[0397]
Discharge current:

i=10 A

[0398]
The terminal voltage response of the above fuel cell is shown in FIG. 56. The simulation result is representative of the response of practical fuel cells. An important result of the simulation is the response of C_{e}, which, determined by the diffusion process components in the model, reaches a steadystate value, as shown in FIG. 57.

[0399]
The dynamic equations for the fuel cell model of FIG. 55 are:
$\begin{array}{cc}{\stackrel{.}{C}}_{e}=\frac{{i}_{f}}{{C}_{\mathrm{TL}}}\frac{1}{{C}_{\mathrm{TL}}\ue89e{R}_{\mathrm{TL}}}\ue89e\left({C}_{0}{C}_{e}\right)& \left(108\right)\\ {\stackrel{.}{V}}_{1}=\frac{1}{{C}_{d}}\ue89e\left(i{i}_{f}\right)& \left(109\right)\end{array}$

[0400]
These equations, combined with the Equations (105), (106) and (107), form the nonlinear model for the fuel cell. Now, the same methods of analyzing battery characteristics can be used for fuel cells. The following is an analysis of the steady state and dynamic behavior of fuel cells.
SteadyState Analysis of Fuel Cells

[0401]
As opposed to a battery, a fuel cell can operate at a steadystate condition, provided the load and fuel supply remain constant. For steadystate analysis of a fuel cell, the effect of the doublelayer capacitor and the capacitor in the diffusion process model are ignored as they become open circuit. Therefore, for the fuel cell model of FIG. 55, the impedance from the diffusion process is simply the resistor R_{TL}. This impedance needs to be reflected to the electrical side of the twoport device through:

Z′=κR_{TL }

[0402]
where is the conversion coefficient defined by Equation (83), which is repeated here:
$\kappa =\frac{\uf74c{E}_{\mathrm{ocv}}}{\uf74c{C}_{e}}=0.052\ue89e\text{\hspace{1em}}\ue89e\frac{1}{{\hat{C}}_{e}}$

[0403]
The steadystate of C
_{e }can now be calculated from the relationship:
$\begin{array}{cc}{R}_{\mathrm{TL}}=\frac{{C}_{0}{\hat{C}}_{e}}{i}\ue89e\text{\hspace{1em}}\ue89e\mathrm{as}\ue89e\text{}\ue89e{\hat{C}}_{e}{C}_{0}{\mathrm{iR}}_{\mathrm{TL}}& \left(110\right)\end{array}$

[0404]
where Ĉ_{e }is the steadystate value of C_{e}.

[0405]
The steadystate operation of the fuel cell can be represented by the model of FIG. 58. E_{ocv }in the model is calculated from Equation (105) with C_{e }evaluated at Ĉ_{e }from Equation (110).

[0406]
The equivalent source of the steadystate model of the fuel cell is V_{eq}=E_{ocv }and the equivalent impedance is Z_{eq}=z′+_{ct}+R_{s}+_{c}. The terminal voltage is then V_{T}=V_{eq}−iZ_{eq}, where i is the operating current. Since a fuel cell is an electrical source, its characteristic can be represented by a source characteristic relationship between the terminal voltage and operating current. This relationship is shown in FIG. 59 for die fuel cell modeled above.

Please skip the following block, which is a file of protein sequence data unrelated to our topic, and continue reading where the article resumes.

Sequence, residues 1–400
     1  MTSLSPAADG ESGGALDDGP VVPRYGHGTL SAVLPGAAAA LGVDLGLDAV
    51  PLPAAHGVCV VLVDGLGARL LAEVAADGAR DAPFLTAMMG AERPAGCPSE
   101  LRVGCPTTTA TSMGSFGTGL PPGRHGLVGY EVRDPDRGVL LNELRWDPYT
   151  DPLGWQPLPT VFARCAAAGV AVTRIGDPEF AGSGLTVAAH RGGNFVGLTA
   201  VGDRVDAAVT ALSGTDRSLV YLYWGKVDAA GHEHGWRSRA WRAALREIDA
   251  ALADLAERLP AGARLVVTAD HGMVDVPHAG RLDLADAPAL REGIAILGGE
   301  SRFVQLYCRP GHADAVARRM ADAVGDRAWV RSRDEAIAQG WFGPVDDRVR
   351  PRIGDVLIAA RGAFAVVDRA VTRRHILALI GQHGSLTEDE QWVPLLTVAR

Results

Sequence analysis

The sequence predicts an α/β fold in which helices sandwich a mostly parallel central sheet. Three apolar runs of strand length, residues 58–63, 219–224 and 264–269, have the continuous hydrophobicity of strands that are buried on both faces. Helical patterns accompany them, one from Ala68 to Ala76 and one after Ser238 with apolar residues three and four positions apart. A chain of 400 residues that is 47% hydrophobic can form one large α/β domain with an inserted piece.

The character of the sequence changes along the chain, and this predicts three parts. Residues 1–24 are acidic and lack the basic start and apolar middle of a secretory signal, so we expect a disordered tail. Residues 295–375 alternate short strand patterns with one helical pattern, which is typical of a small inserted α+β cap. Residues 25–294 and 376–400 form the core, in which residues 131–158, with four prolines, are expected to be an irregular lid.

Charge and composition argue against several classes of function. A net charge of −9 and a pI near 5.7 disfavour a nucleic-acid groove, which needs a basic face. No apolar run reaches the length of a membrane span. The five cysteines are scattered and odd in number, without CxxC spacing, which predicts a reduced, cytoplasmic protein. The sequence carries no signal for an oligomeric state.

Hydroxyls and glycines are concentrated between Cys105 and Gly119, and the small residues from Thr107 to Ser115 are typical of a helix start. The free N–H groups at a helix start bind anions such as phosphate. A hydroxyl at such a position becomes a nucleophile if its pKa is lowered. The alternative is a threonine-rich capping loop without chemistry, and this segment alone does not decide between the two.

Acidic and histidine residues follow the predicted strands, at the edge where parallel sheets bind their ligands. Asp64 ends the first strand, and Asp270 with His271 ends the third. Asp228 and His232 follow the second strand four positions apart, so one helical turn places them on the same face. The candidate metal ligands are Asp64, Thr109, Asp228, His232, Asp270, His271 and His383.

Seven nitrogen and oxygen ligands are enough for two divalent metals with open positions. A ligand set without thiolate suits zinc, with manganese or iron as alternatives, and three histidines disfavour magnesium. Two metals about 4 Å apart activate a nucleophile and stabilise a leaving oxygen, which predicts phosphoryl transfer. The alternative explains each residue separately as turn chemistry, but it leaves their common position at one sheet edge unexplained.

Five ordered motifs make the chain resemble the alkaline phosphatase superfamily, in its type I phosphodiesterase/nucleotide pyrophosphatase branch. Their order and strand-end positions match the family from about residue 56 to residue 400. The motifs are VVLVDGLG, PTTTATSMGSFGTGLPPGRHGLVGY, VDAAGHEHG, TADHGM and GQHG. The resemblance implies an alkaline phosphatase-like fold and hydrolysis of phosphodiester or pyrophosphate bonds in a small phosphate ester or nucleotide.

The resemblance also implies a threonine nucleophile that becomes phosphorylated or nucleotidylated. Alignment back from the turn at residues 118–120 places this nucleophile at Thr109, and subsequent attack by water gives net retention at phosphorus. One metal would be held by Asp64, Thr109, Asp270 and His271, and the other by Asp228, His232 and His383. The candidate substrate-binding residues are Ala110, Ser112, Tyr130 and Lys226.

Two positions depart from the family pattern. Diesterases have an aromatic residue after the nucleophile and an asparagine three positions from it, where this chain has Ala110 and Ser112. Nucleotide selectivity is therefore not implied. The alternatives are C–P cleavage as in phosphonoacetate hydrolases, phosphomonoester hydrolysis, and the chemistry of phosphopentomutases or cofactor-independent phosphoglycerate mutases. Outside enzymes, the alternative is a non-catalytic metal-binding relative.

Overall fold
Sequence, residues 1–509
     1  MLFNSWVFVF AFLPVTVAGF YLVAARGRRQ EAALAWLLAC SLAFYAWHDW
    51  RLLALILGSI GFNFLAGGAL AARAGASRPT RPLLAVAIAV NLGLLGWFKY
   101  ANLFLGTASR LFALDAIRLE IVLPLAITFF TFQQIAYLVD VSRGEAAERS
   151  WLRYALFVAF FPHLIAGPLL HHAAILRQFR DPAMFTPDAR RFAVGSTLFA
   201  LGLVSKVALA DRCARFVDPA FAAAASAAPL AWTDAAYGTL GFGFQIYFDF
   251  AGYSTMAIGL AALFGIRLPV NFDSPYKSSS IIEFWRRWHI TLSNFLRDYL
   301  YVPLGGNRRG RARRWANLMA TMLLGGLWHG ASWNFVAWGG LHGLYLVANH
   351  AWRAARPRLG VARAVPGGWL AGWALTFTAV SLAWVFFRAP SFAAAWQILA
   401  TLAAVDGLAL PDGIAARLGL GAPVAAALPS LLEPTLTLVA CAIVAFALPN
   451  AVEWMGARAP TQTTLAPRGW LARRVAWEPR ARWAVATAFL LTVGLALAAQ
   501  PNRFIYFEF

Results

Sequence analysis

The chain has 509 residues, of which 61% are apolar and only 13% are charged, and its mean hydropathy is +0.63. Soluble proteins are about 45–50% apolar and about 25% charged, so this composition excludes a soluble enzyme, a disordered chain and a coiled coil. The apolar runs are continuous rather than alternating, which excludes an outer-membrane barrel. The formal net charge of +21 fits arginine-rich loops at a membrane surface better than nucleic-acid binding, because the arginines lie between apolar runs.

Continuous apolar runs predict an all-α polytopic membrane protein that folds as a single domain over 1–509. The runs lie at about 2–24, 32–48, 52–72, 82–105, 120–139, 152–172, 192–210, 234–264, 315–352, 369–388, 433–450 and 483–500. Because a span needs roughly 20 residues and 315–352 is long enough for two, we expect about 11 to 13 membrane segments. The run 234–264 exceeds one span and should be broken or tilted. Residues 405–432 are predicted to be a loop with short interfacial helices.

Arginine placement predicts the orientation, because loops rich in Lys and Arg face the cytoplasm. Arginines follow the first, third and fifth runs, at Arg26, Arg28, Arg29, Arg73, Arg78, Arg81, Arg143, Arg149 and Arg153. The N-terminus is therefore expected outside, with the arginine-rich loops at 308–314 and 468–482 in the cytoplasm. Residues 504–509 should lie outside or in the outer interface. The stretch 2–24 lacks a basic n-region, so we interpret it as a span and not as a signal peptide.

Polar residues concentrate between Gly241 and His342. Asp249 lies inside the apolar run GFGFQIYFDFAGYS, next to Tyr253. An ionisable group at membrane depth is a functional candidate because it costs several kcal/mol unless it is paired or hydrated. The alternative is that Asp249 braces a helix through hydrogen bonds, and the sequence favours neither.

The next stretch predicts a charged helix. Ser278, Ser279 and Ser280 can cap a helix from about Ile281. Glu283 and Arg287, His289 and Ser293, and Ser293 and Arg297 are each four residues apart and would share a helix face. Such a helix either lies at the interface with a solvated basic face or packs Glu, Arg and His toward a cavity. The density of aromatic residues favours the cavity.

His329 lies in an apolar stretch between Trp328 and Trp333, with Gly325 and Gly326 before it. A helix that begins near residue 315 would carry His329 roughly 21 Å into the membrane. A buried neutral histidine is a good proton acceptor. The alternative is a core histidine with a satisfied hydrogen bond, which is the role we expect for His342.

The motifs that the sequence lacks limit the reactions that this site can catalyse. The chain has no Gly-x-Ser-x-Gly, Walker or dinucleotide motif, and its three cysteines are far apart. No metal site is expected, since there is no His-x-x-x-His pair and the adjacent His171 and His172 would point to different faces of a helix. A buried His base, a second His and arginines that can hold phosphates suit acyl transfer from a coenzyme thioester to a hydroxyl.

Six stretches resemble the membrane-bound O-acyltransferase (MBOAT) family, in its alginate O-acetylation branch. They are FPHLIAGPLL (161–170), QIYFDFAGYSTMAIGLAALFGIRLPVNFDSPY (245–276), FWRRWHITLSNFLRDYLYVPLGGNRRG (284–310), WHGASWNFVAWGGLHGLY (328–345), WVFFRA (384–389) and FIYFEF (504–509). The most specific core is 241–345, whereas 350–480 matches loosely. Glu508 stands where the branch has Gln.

[0407]
The voltage drop in the low current range of the source characteristics is mainly due to the charge transfer polarization and the voltage drop in the high current range is due to the concentration polarization. The source characteristics of a power source component, such as a fuel cell, can be used in system design by correctly sizing the source and the load. Simulation results of many existing models for fuel cells are similar to the response shown in FIG. 59. In other words, the behavior predicted by existing models did not appear beyond the static operation of a fuel cell. Many of these models used empirical relationships to fit the experimental data. In comparison, the result shown in FIG. 59 comes from a physicsbased model following widely accepted electrical engineering techniques.

[0408]
In the above analysis, the input fuel concentration C_{0 }is the only controlling variable for the OCV of the cell. However, for practical fuel cells, many other factors affect the OCV. These factors include the pressure and flow rate of fuel gas, concentration of electrolyte, percentage of fuel mix, type of the fuel, and operating temperature, etc. However, there are few published results, thus no widely accepted theoretical conclusion, to quantitatively relate these factors to the electrical behavior of a fuel cell. Experiments conducted in this area are still considered as trade secrets in much of the fuel cell development. It is believed that the effects of these variables are best reflected in the Nernst relationship that relates the physiochemical parameters to the OCV of the fuel cell.

[0409]
In the next study, the pressure of the input fuel gas is also considered to be a controlling variable in addition to the fuel concentration. The fuel pressure is introduced into the Nernst equation through a simple term as:

E _{ocv}=1.4+0.052(2p _{0})ln C _{e} (111)

[0410]
where p_{0 }is the pressure of fuel gas. Note that this relationship is not theoretically derived and experimentally verified, but it does reflect the behavior of the terminal voltage response to the fuel pressure change. With the new Nernst relationship, the source characteristic of the fuel cell is now a function of the operating current as well as the fuel pressure with constant fuel concentration. The result of the source characteristic of this fuel cell is shown FIG. 60. A series of source characteristic curves correspond to the different fuel pressures.

[0411]
An important application of the steadystate analysis of fuel cells is the maximum power output problem. Generally, it is desirable to have a fuel cell operate at its maximum output power. The power output of a fuel cell is P=V_{T}x i, which is also shown in FIG. 60. Because of the source characteristics of the fuel cell, there is a maximum power output point at a certain current for each fuel pressure. The maximum power output problem is to operate the fuel cell at the maximum power output point for the corresponding fuel input at different pressures The control problem for the maximum power output has been solved for photovoltaic (solar) cells and windmills. While the solutions to this problem for other devices can be adopted, the formulation of the problem and associated model for fuel cells is first proposed in this paper.